March 3, 2016
No matter what it is, ending well matters.
Whether a much needed vacation, retirement from a meaningful career, ending a relationship, navigating a courageous conversation, saying goodbye to a parent, or the last line in your manuscript, ending well there starts right here. By now we have hopefully learned that absolute control over anything is…well..a joke. However, mindful consideration of a desired outcome can help us better order our steps from here to there. But while we can work mightily to achieve a goal, make things go our way, craft a specific outcome, influence another person, or take all the right steps, there will always be an element of “it’s a crap shoot”. If we focus solely on exactly how we would like things to turn out, we’ve missed the deeper issue. What matters even more than how it turns out, is who we are in that moment. The essence of beginning with the end in mind can be summed up in one question: When the end of whatever “it” is comes, who do we want to be?
Examples of endings are everywhere. Some that end well, and others not so much. Whether you are an NFL fan or not, this years Super Bowl is a prime example. The Carolina Panthers, led by their talented, brash young quarterback Cam Newton, were the hands-down favorite. Expected by everyone, including themselves, to win. They didn’t. By a long shot. An hour after the game, Cam Newton stepped in front of the microphone as the leader of his team, to fulfill his media obligation. Hoodie pulled low over his face, he sat in a chair, eyes down, gave short sullen answers until getting up and walking out mid-interview. Did he want to win? Of course! Why else would he play the game? Had he given thought to who he wanted to be, win or lose? Apparently not. Compare that to last years Super Bowl when the Seattle Seahawks, led by their talented, humble young quarterback Russell Wilson, experienced an even more devastating loss. Expected by many, including themselves to win, they didn’t. Within seconds of winning the game, with that ill-fated, still debated call…. they lost. An hour later Russell Wilson stepped in front of the microphone as the leader of his team, to fulfill his media obligation. Suit and tie, he stood, faced the camera, expressed appreciation for his teammates, took responsibility for the loss, and praised the winning team. Did he want to win? Yes! Why else would he play the game? Had he given thought to who he wanted to be win or lose? Apparently so.
One of the greatest lessons in ending well came for me personally when my mom passed away. Her name was Ashby, and the word that best describes who she was and how she walked through the world is ‘grace’. There was nothing Asbhy loved more than what she liked to call a “good visit”. Whenever you showed up on her doorstep, announced or not, whatever the task at hand was set aside and replaced with a cup of tea, served in her best china. She was short on advice and long on understanding. She loved by listening. The last week of her life we brought her back from the hospital to the home she loved and tucked her into the bed she still shared with my dad. Every day was filled with her grace, along with a constant stream of friends and family who came by for one more good visit. They would sit on her bed and talk to her, sing to her, laugh and cry with her. No longer able to speak, she did what she did best. She loved by listening. After she was gone, I realized that I had been given the opportunity to stand at the end of her life, and look back on my own. From that vantage point I understood that ending her life with grace wasn’t the result of some grand decision, but rather is an accumulation of choices.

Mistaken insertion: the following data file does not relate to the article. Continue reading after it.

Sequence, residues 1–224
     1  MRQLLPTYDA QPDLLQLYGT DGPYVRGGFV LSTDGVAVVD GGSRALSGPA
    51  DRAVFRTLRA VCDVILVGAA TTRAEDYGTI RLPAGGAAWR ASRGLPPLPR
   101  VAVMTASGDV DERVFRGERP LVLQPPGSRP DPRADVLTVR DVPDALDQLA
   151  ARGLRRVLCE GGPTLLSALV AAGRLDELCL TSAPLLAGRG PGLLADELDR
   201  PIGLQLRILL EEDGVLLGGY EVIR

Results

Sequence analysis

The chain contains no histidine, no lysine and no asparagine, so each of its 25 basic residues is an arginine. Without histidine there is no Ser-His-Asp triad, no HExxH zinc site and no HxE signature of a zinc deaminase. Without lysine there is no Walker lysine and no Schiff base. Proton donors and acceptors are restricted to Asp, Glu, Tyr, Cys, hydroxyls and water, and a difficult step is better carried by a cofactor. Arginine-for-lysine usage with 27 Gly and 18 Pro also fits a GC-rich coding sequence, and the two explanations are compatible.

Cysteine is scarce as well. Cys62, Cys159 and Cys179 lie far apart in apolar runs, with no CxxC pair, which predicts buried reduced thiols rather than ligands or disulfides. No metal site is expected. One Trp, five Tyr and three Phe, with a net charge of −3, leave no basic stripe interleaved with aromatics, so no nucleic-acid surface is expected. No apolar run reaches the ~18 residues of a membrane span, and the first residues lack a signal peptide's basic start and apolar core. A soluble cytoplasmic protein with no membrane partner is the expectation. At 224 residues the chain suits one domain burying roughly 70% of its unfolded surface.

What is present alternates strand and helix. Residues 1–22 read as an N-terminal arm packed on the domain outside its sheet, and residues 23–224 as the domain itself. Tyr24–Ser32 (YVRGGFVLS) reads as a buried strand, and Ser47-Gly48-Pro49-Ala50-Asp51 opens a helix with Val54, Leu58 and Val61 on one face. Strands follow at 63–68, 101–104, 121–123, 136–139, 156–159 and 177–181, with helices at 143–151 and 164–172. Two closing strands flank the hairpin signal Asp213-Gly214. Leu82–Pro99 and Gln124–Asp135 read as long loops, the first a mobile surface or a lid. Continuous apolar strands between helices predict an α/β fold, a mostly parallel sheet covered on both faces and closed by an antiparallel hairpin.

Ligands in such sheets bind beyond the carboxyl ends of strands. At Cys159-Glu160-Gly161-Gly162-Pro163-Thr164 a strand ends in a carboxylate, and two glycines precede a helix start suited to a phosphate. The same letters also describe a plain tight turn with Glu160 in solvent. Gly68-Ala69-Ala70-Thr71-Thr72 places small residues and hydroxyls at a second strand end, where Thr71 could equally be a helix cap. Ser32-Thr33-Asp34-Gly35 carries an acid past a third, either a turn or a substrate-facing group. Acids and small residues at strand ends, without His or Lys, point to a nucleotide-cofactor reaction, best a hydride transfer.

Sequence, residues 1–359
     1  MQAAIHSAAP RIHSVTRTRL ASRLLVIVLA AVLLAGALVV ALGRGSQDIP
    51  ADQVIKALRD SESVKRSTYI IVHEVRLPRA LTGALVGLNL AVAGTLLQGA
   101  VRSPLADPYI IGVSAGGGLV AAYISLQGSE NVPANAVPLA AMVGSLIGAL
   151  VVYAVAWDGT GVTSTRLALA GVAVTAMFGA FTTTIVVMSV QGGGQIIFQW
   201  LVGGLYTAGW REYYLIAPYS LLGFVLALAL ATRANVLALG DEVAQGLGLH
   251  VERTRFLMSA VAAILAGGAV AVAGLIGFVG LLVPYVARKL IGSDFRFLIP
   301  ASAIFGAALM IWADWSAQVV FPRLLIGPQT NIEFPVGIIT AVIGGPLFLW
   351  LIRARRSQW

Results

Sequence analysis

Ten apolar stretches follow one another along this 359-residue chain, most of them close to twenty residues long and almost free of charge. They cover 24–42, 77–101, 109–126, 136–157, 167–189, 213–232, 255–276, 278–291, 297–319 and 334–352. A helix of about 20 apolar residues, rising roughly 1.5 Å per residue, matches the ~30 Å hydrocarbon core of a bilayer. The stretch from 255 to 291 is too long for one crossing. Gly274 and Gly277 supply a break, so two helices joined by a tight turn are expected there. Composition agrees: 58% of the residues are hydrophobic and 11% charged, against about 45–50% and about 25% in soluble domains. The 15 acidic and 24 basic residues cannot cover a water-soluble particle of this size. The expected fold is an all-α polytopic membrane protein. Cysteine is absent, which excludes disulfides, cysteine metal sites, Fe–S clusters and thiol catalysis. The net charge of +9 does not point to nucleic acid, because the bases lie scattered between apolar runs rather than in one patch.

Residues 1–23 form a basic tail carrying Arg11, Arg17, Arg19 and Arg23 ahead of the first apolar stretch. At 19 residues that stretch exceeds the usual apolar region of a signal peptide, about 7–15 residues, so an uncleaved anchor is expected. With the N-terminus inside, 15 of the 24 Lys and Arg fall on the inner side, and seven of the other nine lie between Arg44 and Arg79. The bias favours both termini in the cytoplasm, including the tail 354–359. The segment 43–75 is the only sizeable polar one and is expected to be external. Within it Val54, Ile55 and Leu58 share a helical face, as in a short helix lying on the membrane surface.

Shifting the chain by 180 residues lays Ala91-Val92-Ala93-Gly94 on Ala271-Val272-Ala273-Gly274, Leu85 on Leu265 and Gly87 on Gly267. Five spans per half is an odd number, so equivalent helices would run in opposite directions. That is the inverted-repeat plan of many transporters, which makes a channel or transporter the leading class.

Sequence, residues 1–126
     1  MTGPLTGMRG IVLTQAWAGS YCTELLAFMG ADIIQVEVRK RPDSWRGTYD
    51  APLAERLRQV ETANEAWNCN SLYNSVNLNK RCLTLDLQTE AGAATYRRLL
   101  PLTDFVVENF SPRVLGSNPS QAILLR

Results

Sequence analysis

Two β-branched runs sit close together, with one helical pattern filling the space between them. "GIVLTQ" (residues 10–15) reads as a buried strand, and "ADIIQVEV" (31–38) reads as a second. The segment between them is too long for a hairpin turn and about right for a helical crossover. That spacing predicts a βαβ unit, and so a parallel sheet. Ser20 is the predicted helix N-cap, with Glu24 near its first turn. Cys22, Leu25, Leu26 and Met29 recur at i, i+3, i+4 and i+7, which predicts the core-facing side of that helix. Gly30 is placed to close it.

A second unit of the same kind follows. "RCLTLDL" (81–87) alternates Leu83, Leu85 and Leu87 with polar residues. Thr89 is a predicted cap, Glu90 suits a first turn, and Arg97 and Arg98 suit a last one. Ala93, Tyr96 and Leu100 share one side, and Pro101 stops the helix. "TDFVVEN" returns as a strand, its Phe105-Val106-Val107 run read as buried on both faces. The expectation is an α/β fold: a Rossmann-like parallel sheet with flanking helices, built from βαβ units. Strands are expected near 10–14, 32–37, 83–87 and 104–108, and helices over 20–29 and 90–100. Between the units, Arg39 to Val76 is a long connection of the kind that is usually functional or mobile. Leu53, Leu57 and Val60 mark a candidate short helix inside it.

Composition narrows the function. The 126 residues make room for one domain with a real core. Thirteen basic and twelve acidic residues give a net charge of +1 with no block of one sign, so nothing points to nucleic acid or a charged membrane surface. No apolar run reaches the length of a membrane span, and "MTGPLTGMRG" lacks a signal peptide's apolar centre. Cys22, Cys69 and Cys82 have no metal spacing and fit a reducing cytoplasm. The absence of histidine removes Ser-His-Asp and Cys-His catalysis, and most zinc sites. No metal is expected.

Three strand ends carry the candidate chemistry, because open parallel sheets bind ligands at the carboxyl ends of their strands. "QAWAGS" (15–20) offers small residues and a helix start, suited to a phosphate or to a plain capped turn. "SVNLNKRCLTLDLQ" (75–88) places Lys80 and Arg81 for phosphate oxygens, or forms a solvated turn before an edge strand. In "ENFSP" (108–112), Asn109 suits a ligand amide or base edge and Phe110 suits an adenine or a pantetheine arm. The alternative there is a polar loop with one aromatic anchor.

As I reflect on this topic I am reminded of something Mr. Carson, the butler of Downton Abbey said. “The business of life is the accumulation of memories. In the end, that’s all we have.” The way in which we end things is either the accumulation of a memory or a regret. To gather more memories, begin with the end in mind.
What endings are on your radar screen? When the end of whatever “it” is comes, who do you want to be? What would ending well in those situations mean? Now is when ending well starts. Here is where it begins. This present moment is what you have to work with.
This blog post also appears on Trailhead Coaching & Consulting
October 30, 2014
We are beginning to engage more in our Matters That Matter work including a couple of writing projects that have us inspired and energized, speaking and scheduling workshops… and we also are beginning to post regularly on our blog (about once a week). Our intent is simply to offer encouragement and support for readers to connect more closely with what and who they care about, and live more closely in synch with their most genuine selves.
If you are like us, there is so much “incoming” – information, blogs, emails, videos, social networking etc etc… so we are working to provide content that will support and encourage, not burden. We would love for you to subscribe to our blog and add to the conversation as you feel led. Together we are better. Share it with others if you find that it will benefit them as well. And if this sounds like one more thing to add to your to-do list… then hit delete asap with our blessings!